The bronze figurative garniture, presenting Apollo and Diana as light-bearing Sun and Moon deities, were made at Matthew Boulton's Birmingham manufactory, circa 1778. Their design reflects the influence of the Rome-trained court architect Sir William Chambers (d. 1796) who introduced the George III 'Roman' fashion and also the French antique fashion promoted by Matthew Boulton (d. 1809) following the 1760s establishment of his Birmingham ormolu manufactory.
APOLLO & DIANA
The hunter-god Apollo's Mount Parnassus role as leader of the 'Muses of Artistic Inspiration', together with his sister's role as 'chaste' goddess of marriage vows, made them appropriate accompaniment for Boulton's 'sacred urn' or vase mantelpiece garnitures, intended to evoke the 'columbarium' vase-chambers and the lyric poets' accounts of sacrifices at love's altar in antiquity. The Apollo, with additions of chlamys-drapery, derives from a Pompeian bronze figure illustrated in Boulton's copy of Le Antichita di Ercolano, Vol. I/2, Naples, 1771. While his laurel-wreathed marble 'altar' pedestal perhaps derives from that supporting a female bronze figure (N. Goodison, Ormolu: The Work of Matthew Boulton, London, 1974, fig. 11). In place of the figure's spear he is represented holding a palm-branch, corresponding to that of the huntress Diana, who appears in the guise of a triumphal palm-bearing 'nike' victory figure. Such palms recall the choragic prizes that served 'to bind the Victor's brow' as recounted in Virgil's Trojan history, The Aeneid Virgil's lines were quoted in The Antiquities of Athens, 1762 issued by the artist architect James Stuart during the period that he was introducing festive 'nike' figures in his celebrated painted apartment as Spencer House, St. James's. Around this time Boulton was in consultation with the sculptor John Bacon, R.A. (1740-1799) and John Flaxman senior (1726-1795): the latter provided Boulton with models and it is possible that the former may have contributed as well (for Bacon and Flaxman's model-making role see T. Clifford, 'The Plaster shops of the Rococo and Neo-Classical Era in Britain', Journal of the History of Collections, 1992, p. 42).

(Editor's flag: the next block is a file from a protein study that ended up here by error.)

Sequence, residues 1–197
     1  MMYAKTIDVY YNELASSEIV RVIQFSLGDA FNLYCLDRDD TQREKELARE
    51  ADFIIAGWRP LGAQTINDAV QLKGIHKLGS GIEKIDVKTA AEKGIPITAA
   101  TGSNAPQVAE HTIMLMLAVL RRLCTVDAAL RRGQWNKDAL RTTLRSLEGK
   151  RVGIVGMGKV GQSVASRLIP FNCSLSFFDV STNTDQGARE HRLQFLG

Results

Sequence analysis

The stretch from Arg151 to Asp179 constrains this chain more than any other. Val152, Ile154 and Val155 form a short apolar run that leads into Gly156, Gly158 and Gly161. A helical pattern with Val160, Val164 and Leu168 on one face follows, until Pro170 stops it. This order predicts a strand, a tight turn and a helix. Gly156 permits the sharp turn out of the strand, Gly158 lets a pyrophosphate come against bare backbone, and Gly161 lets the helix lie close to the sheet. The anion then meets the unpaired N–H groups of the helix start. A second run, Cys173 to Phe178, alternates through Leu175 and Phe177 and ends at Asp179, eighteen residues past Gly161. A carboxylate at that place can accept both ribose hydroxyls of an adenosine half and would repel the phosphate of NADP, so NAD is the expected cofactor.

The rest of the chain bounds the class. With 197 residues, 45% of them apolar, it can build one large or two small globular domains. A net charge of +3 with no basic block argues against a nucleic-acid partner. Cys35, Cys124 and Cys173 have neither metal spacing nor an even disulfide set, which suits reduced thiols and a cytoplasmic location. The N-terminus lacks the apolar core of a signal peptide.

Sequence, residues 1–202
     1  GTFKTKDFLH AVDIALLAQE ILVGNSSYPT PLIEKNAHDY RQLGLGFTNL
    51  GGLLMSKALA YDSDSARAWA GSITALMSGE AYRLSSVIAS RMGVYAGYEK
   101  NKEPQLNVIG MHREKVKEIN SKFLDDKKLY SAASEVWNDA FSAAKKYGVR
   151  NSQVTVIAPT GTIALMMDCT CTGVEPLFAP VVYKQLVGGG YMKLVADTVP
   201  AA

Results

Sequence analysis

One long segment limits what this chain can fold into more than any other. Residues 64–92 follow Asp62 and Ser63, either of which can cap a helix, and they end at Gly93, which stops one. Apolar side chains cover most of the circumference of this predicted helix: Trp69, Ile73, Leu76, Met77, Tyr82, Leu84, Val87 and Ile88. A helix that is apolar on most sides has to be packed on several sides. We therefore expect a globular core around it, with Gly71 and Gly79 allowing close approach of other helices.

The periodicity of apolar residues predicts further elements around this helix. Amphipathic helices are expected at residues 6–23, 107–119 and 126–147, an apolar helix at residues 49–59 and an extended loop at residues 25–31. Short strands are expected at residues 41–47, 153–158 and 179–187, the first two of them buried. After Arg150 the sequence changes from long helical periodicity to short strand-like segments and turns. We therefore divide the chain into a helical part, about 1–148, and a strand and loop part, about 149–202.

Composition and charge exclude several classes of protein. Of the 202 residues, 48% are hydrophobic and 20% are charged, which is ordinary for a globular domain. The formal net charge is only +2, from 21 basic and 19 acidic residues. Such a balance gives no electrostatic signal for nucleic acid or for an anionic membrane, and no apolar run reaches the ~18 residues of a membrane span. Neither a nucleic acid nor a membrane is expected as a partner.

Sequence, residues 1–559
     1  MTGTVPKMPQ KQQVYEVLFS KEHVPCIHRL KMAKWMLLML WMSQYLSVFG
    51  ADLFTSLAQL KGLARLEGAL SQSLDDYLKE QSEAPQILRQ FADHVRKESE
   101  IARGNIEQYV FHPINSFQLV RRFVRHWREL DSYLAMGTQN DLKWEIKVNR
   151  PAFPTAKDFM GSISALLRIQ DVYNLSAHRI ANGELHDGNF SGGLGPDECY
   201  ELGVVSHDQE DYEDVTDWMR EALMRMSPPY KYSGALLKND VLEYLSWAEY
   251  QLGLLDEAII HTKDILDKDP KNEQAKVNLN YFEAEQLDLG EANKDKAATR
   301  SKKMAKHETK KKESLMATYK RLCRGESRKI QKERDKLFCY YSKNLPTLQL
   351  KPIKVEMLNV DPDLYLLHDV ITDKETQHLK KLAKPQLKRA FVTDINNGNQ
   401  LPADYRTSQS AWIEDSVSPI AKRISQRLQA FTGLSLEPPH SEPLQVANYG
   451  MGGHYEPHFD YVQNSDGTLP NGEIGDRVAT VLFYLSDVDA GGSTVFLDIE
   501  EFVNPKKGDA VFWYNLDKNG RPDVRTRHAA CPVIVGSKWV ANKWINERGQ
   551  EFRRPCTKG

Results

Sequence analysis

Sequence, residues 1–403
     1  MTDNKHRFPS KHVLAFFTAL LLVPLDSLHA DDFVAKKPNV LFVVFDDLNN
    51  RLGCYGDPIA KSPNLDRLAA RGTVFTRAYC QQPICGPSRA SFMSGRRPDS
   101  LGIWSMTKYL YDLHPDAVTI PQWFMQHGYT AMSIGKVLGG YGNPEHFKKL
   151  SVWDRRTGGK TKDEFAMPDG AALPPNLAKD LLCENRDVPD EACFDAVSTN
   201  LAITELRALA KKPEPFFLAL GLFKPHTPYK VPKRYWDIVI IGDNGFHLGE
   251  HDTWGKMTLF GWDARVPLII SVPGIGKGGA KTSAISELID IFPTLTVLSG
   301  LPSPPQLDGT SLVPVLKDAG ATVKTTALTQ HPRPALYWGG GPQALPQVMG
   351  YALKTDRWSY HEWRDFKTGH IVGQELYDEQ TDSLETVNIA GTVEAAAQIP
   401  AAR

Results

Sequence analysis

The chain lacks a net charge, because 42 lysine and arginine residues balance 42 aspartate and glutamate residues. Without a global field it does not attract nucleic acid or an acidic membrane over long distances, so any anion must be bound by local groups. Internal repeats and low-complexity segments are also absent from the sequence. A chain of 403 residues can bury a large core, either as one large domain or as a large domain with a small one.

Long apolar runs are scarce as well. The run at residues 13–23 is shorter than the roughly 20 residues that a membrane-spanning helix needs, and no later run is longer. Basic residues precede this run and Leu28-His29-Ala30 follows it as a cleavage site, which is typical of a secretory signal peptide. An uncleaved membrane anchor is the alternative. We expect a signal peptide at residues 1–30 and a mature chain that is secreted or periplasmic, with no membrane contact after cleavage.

THE CHRISTIE'S SALES
The patterns for this pair of candelabra, with 'three lights each' feature in Messrs Boulton and Fothergill's, Pattern Book I, p. 19 (see: N. Goodison, Matthew Boulton: Ormolu, London, 2002, pl.124). They were not included in his sales at the St. James's Rooms of Messrs Christie & Ansell in 1771-2, and two pairs with three branches each first appeared in that held by Christie and Ansell on 18 May 1778 (Lots 79 and 124) (Goodison, 2002, pp. 468, 470). Following John Fothergill's death an inventory of the stock at the Soho manufactory (Richard Bentley's shop) included '1 Diana and Apollo with branches, gilt ... £19.8.0.', and in one of the warehouses there was an entry 'Pattern shop, Apollo and Diana figures included ...£35.0.0.' (Goodison, 2002, p. 472).
A pair of this exact model but with three branches, likely to have been included in Christie and Ansell's 1778 sale as either lot 79 or 124, was sold anonymously, Christie's, London, 3 July 1997, lot 10 (£89,500). The latter pair have now returned to Soho House, Boulton's home and manufactory, part of Birmingham Museum and Art Gallery. As the present figures bear enlarged branches for five lights, it seems more likely that they were not intended for a mantelpiece, but served instead as a garniture for pier-tables or commodes and their accompanying glasses. Their recent location in mainland Europe also raises the possibility that they were amongst the wares retailed by Boulton through the fashionable Parisian dealer (marchand mercier) Charles-Raymond Granchez at Le Petit Dunkerque.